The terrorist attacks on September 11, 2001 refocused world attention onto the asymmetric character of non‐state organised violence. Escalation had gone on for years, and the United States had been men tally prepared for something to happen. But the U.S. were as surprised as most of the rest of the world by the ferocity, the cynicism and the ‘military precision’ of the atrocity. Though method and scope of these attacks were astonishingly odious, they merely were the continuation of a long tradition, which spans the Spanish guerrillas1 through the Boer and Second World Wars on to the present day’s political and religious terrorism. This paper will discuss three aspects of asymmetric threats: the conceptual aspect of guerrilla warfare, the operational perspective of the perpetrator of terrorist attacks, and the impact on the victimized society. The method used is a critical review of three opera, each of its distinct type: a theoretical‐empirical work, military‐style manual, and a compilation of research and committee papers.2 The works, though disparate in quality and form, shed light from different angles on the armed struggle of non‐state actors. While none of these works ‐ not boasting academic status ‐ provide any references, On Guerrilla Warfare and The Al Qaeda Manual bear no witness of academic research at all. Straight identification of evidence, therefore, is hardly possible. Mao’s work is to a large extent free speculation with a basis in his empirical studies and own observations, whereas the Manual appears to be based on experience and material from other ‘handbook’ like sources. Evidence to support the content of Super Terrorism obviously exists. But, apart from the casual reference to a matrix, graph, etc., it is not to be clearly identified. Finding evidence ‐ which might have formed the basis of these opera ‐ will, therefore, be attempted through use of other sources, deemed to be relevant to the themes of the respective texts.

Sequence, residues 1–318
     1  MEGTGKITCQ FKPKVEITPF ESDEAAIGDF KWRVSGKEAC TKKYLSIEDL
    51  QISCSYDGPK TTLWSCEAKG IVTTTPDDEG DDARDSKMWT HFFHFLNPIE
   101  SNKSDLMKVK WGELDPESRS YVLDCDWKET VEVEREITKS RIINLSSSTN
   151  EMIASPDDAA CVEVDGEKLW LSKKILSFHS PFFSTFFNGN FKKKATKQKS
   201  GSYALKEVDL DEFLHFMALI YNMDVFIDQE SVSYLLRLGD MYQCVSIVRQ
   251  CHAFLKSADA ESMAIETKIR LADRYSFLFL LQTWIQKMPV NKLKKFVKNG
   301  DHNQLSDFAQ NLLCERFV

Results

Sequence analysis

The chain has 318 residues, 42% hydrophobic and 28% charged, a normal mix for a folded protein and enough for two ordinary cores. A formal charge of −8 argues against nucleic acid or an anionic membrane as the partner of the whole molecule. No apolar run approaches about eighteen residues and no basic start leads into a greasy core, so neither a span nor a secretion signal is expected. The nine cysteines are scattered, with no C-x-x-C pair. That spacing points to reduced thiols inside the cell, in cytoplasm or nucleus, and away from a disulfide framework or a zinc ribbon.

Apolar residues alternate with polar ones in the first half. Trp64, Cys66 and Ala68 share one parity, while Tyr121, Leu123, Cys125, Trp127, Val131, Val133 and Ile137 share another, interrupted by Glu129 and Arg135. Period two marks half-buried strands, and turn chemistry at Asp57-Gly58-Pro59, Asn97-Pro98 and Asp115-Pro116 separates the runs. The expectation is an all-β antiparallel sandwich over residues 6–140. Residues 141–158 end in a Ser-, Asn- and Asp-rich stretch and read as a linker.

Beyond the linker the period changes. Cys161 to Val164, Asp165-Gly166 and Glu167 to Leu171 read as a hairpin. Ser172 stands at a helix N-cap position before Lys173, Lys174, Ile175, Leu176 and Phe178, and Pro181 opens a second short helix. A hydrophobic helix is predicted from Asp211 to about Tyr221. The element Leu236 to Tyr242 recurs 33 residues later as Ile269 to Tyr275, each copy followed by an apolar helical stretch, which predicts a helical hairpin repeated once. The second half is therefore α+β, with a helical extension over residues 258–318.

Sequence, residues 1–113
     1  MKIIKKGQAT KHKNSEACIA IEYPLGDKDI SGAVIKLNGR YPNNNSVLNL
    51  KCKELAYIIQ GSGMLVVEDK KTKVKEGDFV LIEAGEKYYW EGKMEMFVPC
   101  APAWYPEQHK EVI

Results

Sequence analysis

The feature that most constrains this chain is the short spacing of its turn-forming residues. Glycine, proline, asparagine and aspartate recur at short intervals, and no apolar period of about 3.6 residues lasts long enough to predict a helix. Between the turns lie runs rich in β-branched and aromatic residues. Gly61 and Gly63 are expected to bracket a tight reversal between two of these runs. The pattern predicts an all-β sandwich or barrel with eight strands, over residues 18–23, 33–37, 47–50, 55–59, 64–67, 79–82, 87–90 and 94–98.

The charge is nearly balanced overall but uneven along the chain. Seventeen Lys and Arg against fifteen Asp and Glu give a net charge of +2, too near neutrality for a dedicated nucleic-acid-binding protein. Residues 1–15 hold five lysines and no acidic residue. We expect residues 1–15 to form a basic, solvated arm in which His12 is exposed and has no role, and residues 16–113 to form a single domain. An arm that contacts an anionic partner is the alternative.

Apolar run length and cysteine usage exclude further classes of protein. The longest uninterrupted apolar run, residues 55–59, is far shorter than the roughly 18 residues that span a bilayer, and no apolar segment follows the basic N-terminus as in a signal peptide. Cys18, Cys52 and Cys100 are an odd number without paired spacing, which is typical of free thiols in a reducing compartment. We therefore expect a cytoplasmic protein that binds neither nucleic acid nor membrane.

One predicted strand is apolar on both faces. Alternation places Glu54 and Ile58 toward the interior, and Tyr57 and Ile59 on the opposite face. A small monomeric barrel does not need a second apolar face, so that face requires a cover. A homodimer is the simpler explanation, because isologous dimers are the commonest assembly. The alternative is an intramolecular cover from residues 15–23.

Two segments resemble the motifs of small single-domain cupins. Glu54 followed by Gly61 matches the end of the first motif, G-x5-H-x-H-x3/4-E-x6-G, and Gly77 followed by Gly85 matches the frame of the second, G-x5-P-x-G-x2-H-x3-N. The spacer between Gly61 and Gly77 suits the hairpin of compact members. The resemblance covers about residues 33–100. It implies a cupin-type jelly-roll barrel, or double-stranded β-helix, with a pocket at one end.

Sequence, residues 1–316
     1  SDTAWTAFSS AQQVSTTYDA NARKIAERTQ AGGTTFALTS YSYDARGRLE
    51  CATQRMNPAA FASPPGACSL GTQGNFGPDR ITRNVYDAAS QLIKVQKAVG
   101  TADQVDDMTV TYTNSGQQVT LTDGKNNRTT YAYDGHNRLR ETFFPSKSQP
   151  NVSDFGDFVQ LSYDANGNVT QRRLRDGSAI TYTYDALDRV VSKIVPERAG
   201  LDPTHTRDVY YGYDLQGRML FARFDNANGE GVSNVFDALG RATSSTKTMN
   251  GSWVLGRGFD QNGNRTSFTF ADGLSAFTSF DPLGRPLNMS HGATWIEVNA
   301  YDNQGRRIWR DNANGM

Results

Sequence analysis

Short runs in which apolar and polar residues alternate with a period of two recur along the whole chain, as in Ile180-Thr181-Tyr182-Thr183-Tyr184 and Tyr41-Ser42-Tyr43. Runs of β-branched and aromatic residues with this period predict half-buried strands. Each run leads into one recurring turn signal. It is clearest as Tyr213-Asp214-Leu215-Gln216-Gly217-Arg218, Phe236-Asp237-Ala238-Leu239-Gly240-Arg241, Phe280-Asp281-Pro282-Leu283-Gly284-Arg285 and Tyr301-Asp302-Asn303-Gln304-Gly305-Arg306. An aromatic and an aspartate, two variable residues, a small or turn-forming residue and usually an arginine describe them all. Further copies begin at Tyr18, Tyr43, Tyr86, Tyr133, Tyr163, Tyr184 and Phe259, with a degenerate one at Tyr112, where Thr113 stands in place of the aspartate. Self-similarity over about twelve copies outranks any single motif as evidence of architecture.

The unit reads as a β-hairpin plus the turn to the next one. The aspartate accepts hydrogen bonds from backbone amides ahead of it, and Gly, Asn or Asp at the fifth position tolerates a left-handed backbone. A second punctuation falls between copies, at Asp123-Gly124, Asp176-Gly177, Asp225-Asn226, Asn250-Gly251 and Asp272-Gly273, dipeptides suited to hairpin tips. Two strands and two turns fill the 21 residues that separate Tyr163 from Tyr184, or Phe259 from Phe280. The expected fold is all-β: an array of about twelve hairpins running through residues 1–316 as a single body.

The Historical Context
‘Guerrilla’ is an expression originally used to characterise the popular rising in support of the British regular army fighting French presence in the Iberian Peninsula 1807‐12.3 Similar popular and irregular warfare has since played an important rôle in toppling autocratic regimes and foreign occupation. The French retreat from Moscow in 1812 was severely hampered by peasant guerrillas and bands of Cossacks debouching on French columns wherever an opportunity arose. In the ‘War in South Africa,’ 1899‐1902, the Boers ‐ fighting ‘regularly’ up to and including Colenso and Spion Kop ‐ employed a similar approach towards British forces from the beginning of 1900. In On Guerrilla, the historical context is the chaos following the demise of the last Imperial Chinese dynasty, the Manchu, in 1912; the internal war between local warlords; Chiang Kai‐shek’s ascension to central power in 1926; and the Japanese occupation of China. The book’s politico‐military advice should be seen in the light of Mao’s long‐term goal of replacing Chiang with the intermediate objective of ridding the country of the Japanese army of occupation.